If you’re on Twitter like I am and you casually trolled through the tweets today, you might have noticed that a lot of people are talking about Westborough Baptist founder and virulent anti-LGBT protester Fred Phelps is reported to be on his death bed. My first reaction (and one I’m not proud of) was, “Good. We won’t have to listen to his hate anymore.”
Stepping back, however, I realized that I was being uncharitable with that thought. No matter what someone has done, I don’t believe we are ever justified in wishing them dead. If you believe in God and life after death, then you understand that when someone dies, they go to God to be judged. For those we disagree with and those who are so hateful, to wish them dead is effectively to wish damnation upon them. I would rather Fred Phelps had more time to repent of his hate and have a real change of heart before he went to his final judgment, just as I pray I might live long enough to be corrected in all my own errors before I go to be judged of God.
The Problem With Choice
I was looking through Twitter to see what people’s reactions were and I came upon this exchange:
Our choices do determine what we deserve. If I choose to touch a hot stove, I deserve to get burned. The injury is a consequence of my choice. But when we’re talking about something like this situation, I begin to wonder if maybe consequences are not as direct a thing as we think.
I’m not advocating that we give Fred Phelps a free pass. He has done some horrible things. And he did choose to take this path in life. But is dying alone really the consequence he deserves? That’s a hard, hard punishment to inflict on someone. No matter what someone is or has done, I don’t believe that a violation of their inherent human dignity is what anyone deserves. Not LGBT people and not Fred Phelps.
Isn’t that what we have been fighting for all this time? That love will be allowable everywhere? As LGBT people, that’s what we say: It’s about love. That ideal shouldn’t stop at the door to Fred Phelps’ hospital room. As Christians, we are even more beholden to the ideal of love, because Love is who we worship. The greatest virtue is love and if we don’t have it for everyone, including Phelps, then we’re not living up to our professed faith. What do we deserve then?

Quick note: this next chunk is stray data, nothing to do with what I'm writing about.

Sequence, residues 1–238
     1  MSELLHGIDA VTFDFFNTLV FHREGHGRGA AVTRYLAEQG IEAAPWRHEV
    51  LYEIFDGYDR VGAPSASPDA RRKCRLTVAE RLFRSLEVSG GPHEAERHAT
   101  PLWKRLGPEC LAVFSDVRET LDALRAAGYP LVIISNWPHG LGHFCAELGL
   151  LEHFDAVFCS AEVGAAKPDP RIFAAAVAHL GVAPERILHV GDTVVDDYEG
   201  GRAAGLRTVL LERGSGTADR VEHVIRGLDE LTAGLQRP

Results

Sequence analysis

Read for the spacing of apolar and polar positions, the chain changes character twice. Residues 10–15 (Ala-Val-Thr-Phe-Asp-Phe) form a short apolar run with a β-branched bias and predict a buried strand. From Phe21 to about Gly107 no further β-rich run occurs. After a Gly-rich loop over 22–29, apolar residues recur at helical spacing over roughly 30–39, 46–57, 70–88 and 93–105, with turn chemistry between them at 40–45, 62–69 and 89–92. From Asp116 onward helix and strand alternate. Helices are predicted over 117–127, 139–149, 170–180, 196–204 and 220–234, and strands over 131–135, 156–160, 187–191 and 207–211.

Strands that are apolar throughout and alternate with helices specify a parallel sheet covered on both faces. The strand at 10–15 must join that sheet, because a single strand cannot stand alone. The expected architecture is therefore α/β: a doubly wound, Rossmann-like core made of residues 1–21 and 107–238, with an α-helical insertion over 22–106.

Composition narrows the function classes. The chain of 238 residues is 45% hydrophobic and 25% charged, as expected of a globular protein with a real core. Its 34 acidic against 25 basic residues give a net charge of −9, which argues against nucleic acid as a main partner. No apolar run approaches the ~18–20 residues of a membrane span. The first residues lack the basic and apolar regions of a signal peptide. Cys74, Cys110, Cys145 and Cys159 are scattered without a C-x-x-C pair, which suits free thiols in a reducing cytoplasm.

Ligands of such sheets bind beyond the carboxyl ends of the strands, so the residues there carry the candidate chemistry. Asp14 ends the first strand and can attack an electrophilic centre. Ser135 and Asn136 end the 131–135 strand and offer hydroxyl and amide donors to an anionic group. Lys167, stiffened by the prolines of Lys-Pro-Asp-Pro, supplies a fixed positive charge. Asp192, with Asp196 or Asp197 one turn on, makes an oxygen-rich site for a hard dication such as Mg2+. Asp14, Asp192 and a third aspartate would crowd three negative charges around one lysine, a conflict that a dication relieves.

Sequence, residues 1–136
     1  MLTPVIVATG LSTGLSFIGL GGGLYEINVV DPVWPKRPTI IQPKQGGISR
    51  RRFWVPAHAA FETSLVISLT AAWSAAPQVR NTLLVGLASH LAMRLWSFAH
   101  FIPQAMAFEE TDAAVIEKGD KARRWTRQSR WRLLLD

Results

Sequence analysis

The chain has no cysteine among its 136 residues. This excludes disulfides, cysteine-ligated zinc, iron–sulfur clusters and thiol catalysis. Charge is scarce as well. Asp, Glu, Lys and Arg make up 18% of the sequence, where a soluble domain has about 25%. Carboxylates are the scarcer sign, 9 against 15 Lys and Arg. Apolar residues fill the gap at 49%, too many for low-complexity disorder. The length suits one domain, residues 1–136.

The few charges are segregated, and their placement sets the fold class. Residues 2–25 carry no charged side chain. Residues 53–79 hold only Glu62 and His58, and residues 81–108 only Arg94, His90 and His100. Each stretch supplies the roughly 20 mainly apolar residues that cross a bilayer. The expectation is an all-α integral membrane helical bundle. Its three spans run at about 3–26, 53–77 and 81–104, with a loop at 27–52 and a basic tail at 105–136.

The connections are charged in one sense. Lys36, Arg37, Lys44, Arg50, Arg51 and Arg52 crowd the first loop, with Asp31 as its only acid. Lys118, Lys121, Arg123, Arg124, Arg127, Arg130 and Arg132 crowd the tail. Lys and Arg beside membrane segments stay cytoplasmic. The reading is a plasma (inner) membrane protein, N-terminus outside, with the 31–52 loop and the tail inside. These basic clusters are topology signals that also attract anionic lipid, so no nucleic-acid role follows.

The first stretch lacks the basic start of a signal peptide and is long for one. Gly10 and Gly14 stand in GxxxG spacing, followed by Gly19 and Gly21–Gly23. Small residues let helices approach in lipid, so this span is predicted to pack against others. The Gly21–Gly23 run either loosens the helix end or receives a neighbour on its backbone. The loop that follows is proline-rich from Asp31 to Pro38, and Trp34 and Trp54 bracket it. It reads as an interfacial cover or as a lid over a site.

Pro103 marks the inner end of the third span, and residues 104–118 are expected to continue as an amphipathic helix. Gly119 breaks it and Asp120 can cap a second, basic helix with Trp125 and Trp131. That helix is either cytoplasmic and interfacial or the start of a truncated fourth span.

What We Deserve, Then and Now
I understand why so many people are reacting the way they are. Fred Phelps has been one of the loudest proclaimers of hate in the world and he has affected many, many lives adversely because of it. LGBT people aren’t just reacting to a faraway political actor – they’re reacting to someone who hurt them personally and who affected their personal lives directly. I remember when Westborough Baptist visited my university campus. Many of the LGBT people on campus were very much affected by it. It was a personal hurt to them.
LGBT people (and ALL people) deserve better than what Fred Phelps and Westborough Baptist Church have given them. We deserve to be treated like human beings. We deserve to be respected as persons. And we deserve to be able to live our lives in peace, without being treated as objects of political recrimination.
But we also deserve better than how many of us are acting right now. It won’t make any of us feel better in the long run if we throw all the hate back into Phelps’ face. Is there more joy in destroying an enemy than in seeing an enemy become a friend? Which lasts longer? Which actually allows us to heal?
As I was praying this morning, I re-read the Collect for Ash Wednesday. I think it’s the most appropriate prayer for this moment, for this issue. And I hope that I keep in mind in the future as Phelps’ fate becomes known.
“Almighty and everlasting God, who hatest nothing that thou hast made, and dost forgive the sins of all those who are penitent; Create and make in us new and contrite hearts, that we, worthily lamenting our sins and acknowledging our wretchedness, may obtain of thee, the God of all mercy, perfect remission and forgiveness; through Jesus Christ our Lord. Amen.”